What a difficult month May was for investors. The Federal Reserve hiked interest rates a full one-half percent (the highest rate hike in 22 years), year-over-year inflation hit 8.3%, and U.S. stocks—especially technology and growth stocks—experienced their steepest one-day sell-off since the onset of the pandemic in early 2020.
Yet despite everything, returns were largely positive for the month—at least for well-diversified portfolios. U.S. stocks¹ finished the month down slightly (-0.13%), pulled down mostly by growth stocks² (-2.30%). In contrast, factor-based portfoliosᶾ—those that diversify far beyond just growth stocks—delivered positive returns to investors in May (+0.40%), propelled mostly by value stocks⁴ (up 1.94% for the month). Globally diversified portfolios where buoyed by allocations to non-U.S. developed⁵ and emerging market stocks⁶; both posted positive returns for the month (+0.89% and +0.47%, respectively). Even bonds posted positive returns despite the central bank’s big hike in interest rates, underscoring the difficulty of predicting market returns and the importance of broad asset class diversification. The Barclays U.S. Aggregate Bond and Bloomberg Global Aggregate Bond indices returned +0.64% and 0.27%, respectively.
Reading the proverbial tea leaves to divine the future is always a difficult exercise, but May nevertheless provided some interesting leaves to read. Asset valuations have come down significantly (the S&P 500 now trades at about 17x earnings, close to its 25-year average); earnings growth remains respectable; and there are some early signs that inflation may finally be beginning to cool. But now is no time to be pollyannaish about the future. Red-hot inflation (especially in energy prices) continues to weigh heavily on consumers, mortgage rates have nearly doubled since the end of last year (which suggests looming declines in real estate prices), and, beginning in June, the Federal Reserve will begin quantitative tightening (“QT”), a policy whereby the Fed seeks to raise interest rates by allowing bonds it owns to “roll off its balance sheet” (jargon for simply allowing bonds that it owns—about $9 trillion in total—to mature without reinvestment of the proceeds in new bonds).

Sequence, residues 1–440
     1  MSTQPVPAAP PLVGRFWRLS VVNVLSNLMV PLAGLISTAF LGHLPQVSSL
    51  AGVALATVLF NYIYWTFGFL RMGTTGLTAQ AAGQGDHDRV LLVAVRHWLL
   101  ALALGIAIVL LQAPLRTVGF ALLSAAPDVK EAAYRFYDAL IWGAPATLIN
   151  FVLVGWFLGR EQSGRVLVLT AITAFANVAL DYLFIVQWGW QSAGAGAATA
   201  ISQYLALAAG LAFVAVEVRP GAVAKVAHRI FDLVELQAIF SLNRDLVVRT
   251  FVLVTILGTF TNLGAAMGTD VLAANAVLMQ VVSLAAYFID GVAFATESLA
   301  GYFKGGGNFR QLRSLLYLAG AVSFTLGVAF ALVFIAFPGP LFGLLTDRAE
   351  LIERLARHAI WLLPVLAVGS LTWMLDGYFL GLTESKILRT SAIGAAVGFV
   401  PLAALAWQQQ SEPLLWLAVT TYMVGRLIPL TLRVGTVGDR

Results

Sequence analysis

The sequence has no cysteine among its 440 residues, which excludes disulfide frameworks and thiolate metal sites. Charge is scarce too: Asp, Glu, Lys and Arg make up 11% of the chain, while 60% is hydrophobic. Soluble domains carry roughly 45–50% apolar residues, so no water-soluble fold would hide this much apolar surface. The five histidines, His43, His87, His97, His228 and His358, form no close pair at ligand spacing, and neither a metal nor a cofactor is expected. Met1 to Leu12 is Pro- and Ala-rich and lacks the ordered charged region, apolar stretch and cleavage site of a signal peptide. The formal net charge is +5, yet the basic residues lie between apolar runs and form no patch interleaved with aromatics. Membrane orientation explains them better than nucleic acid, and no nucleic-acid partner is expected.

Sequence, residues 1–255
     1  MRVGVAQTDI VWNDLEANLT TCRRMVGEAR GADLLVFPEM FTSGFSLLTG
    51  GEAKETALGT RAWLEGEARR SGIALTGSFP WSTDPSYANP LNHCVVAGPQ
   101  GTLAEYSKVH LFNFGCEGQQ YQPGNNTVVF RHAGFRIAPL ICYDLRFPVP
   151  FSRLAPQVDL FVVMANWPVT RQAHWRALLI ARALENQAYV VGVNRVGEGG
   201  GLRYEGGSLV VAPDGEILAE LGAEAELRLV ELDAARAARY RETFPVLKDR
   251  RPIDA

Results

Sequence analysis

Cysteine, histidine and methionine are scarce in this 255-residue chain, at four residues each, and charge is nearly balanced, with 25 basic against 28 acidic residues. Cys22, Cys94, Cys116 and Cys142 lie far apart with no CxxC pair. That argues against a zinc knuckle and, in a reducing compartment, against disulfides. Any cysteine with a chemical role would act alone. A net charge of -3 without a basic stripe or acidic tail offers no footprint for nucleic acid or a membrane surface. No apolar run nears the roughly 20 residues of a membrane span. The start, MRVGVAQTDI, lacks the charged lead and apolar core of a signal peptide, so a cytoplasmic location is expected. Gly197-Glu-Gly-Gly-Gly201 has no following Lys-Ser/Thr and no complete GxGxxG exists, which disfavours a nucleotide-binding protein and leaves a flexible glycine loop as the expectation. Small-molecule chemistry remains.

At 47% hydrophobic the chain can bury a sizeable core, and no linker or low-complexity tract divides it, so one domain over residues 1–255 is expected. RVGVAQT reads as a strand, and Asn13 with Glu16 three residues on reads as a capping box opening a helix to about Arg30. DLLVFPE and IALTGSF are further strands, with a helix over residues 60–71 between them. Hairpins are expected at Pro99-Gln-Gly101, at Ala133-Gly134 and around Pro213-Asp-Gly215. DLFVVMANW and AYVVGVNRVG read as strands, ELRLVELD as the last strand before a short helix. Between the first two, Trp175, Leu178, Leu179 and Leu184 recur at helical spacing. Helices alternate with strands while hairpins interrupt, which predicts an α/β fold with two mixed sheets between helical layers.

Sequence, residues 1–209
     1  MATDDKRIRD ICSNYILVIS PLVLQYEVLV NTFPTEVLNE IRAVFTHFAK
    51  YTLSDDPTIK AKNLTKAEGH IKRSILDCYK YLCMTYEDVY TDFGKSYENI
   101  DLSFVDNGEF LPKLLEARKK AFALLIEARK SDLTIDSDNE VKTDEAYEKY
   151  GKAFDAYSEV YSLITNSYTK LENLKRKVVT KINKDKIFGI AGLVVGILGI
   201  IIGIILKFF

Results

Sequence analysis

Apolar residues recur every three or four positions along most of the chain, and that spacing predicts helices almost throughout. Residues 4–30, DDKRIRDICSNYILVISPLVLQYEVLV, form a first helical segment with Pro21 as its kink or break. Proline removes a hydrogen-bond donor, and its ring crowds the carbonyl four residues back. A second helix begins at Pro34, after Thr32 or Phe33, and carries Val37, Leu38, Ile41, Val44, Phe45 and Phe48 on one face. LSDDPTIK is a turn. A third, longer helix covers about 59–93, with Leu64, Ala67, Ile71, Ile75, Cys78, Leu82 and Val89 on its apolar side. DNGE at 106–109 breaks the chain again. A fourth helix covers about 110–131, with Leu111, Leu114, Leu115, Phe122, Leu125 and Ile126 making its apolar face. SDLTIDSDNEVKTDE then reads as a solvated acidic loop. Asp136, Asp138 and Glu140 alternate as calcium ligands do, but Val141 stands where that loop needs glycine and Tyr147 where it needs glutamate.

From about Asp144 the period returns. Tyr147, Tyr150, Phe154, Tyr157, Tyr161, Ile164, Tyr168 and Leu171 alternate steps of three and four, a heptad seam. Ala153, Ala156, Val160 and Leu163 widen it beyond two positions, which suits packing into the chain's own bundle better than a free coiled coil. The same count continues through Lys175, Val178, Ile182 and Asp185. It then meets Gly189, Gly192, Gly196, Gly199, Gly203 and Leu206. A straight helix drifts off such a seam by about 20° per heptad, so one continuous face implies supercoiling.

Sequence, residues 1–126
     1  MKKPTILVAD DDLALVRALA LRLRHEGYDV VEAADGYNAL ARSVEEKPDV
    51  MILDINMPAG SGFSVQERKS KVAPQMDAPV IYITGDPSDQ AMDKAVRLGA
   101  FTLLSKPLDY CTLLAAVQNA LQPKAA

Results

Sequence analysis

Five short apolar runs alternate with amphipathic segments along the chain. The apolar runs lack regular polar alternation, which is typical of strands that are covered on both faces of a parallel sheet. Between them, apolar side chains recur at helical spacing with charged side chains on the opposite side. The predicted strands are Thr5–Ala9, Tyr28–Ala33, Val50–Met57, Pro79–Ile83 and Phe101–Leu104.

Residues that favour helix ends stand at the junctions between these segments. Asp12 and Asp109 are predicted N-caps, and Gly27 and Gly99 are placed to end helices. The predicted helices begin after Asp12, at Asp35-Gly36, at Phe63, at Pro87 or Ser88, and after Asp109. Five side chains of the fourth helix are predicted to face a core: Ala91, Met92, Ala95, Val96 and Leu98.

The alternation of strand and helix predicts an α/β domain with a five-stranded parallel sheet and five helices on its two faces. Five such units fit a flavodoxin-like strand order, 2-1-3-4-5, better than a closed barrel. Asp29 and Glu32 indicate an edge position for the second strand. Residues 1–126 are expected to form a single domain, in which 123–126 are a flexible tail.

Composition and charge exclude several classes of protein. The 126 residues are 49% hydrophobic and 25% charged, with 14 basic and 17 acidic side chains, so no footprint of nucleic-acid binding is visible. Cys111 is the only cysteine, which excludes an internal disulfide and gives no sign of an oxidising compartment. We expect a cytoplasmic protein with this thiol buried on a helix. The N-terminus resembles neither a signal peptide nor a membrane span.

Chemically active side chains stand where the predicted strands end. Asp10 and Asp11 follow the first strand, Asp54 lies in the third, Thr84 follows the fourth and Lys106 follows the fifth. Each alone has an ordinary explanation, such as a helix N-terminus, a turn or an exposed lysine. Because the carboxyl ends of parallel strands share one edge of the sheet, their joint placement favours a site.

We live in challenging times. The global economy is currently dealing with a wide range of stressors—the lingering effects of a global pandemic, a tragic and disruptive war in Ukraine, and highly disrupted global supply chains to name only a few. A central purpose of markets is to digest new information into the prices of everything from stocks, bonds, and currencies to real estate, commodities, and digital assets. Rather than try to predict winners and losers or time market movements, we believe the best approach for investors is to maintain a globally diversified portfolio that reflects their personal risk tolerance and is designed to achieve their long-term financial goals.
1 Russell 3000 Index
2 Russell 3000 Growth Index
3 MSCI USA Diversified Multiple Factor Index
4 Russell 3000 Value Index
5 MSCI EAFE Index
6 MSCI Emerging Markets Index
All data sourced from YCharts, Inc.
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